Talk About Ironyby Tim Manni
A US Geological Survey released this week revealed a new hot spot for oil – the Arctic. Part of a four-year study, the report discovered the potential for 90 barrels of oil and 1.7 trillion cubic feet of natural gas.
According to the Wall Street Journal:
In all, the Arctic has about 20% of the world’s recoverable oil and gas reserves—if recoverable is the right word.
The oil reserves sound pretty big—but they would supply just under three years of global consumption at current rates. Or, twelve years if it all went just for the U.S. The Arctic reserves might bring a little relief to tight markets, but they don’t look like the answer to declining production in oil fields in the rest of the world.
Once restricted because of huge, freighter-crushing ice, the Arctic’s Northwest Passage is now ice free, making new oil and gas fields at least some what accessible. Plans to drill in the northern most region could develop in the next 10-20 years, but cost remains a major issue in the harsh environment.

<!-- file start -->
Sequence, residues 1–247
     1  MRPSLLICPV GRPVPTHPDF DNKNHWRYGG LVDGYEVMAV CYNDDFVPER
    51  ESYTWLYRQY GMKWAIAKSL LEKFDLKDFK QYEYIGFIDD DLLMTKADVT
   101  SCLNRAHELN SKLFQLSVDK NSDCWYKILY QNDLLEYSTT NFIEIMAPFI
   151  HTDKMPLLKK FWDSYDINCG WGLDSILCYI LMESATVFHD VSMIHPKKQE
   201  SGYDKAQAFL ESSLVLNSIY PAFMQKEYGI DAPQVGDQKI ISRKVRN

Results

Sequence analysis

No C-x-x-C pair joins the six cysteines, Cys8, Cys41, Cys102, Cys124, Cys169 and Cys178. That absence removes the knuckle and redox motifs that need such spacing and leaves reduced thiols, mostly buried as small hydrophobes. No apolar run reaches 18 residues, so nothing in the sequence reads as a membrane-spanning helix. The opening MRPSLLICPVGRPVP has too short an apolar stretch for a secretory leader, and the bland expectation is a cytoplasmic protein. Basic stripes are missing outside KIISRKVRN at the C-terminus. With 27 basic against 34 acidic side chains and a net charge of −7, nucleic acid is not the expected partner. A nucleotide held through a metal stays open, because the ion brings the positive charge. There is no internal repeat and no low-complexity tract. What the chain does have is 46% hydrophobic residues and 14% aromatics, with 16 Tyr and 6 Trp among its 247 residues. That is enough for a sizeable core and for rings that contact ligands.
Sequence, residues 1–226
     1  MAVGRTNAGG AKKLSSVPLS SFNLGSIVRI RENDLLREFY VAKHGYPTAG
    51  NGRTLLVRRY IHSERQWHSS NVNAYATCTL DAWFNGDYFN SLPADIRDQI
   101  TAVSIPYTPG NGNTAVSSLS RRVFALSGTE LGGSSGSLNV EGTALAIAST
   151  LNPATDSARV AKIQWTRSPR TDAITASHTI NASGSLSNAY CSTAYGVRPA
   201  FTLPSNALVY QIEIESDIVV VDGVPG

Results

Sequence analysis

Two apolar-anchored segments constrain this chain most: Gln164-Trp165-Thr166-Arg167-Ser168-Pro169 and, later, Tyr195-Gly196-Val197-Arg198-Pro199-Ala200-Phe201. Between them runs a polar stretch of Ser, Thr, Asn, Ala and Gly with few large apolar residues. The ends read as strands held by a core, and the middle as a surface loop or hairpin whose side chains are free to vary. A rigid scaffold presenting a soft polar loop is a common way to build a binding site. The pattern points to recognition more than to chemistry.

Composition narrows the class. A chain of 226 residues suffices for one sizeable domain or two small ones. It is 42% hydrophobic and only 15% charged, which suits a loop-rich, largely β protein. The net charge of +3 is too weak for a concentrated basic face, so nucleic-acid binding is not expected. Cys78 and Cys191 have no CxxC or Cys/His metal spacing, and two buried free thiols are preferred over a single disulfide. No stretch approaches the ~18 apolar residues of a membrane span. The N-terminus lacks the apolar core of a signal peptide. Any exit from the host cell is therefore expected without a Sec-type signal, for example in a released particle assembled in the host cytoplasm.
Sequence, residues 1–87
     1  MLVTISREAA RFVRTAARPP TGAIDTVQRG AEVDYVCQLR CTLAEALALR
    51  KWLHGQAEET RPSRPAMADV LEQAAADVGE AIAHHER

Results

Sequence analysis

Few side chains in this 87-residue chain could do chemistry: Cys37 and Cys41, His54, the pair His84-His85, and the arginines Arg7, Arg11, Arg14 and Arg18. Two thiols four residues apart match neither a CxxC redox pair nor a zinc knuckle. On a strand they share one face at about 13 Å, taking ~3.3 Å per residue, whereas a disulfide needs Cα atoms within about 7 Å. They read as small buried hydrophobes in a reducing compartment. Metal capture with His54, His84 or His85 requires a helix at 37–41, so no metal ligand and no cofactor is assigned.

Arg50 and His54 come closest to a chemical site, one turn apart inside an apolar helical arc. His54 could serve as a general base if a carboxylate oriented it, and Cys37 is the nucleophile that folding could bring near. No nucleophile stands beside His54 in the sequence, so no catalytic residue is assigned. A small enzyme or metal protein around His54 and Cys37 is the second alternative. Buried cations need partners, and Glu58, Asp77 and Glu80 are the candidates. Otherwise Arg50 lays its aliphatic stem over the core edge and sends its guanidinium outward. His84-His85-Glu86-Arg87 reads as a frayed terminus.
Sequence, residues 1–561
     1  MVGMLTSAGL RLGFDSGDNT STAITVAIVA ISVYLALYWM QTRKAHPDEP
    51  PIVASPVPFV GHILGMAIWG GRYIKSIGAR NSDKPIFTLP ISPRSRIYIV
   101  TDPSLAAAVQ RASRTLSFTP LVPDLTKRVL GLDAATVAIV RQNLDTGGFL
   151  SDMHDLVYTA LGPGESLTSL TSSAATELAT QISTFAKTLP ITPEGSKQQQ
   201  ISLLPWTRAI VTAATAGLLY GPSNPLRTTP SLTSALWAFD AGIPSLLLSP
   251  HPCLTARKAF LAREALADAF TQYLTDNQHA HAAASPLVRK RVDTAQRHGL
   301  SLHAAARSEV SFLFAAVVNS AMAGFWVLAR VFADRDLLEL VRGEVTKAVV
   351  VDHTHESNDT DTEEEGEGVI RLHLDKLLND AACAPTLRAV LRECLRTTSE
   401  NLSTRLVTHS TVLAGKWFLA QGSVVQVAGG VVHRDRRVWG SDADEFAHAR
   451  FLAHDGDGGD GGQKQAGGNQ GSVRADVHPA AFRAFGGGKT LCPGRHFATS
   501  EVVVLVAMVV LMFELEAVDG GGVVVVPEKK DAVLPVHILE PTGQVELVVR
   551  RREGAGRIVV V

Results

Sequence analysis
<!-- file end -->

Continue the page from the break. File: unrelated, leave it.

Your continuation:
…drilling and transportation become increasingly expensive as you move north.
For example, pipelines, such as the one planned to exploit natural gas in Canada’s Mackenzie Delta and Alaska will cost roughly $1.5- to $2-million per mile. More northerly and offshore pipelines could cost four or five times that.
Democrats and environmentalists have barely had time to recover since the President lifted a ban this month that could allow drilling off the east coast of the US (Congress rejected the possibility immediately).
It does seem quite ironic that global warming has provided us a way to produce more global warming. Perhaps as soon as Antarctica warms up a tad more, we’ll explore there too.